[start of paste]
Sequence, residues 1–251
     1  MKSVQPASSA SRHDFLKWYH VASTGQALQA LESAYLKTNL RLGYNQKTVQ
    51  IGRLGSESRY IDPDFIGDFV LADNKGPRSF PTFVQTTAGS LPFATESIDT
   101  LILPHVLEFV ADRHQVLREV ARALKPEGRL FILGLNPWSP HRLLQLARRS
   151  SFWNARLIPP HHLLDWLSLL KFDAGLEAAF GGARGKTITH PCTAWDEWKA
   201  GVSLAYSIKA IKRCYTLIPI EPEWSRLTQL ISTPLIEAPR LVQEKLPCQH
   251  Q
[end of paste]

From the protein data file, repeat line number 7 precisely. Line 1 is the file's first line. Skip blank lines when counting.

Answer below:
   251  Q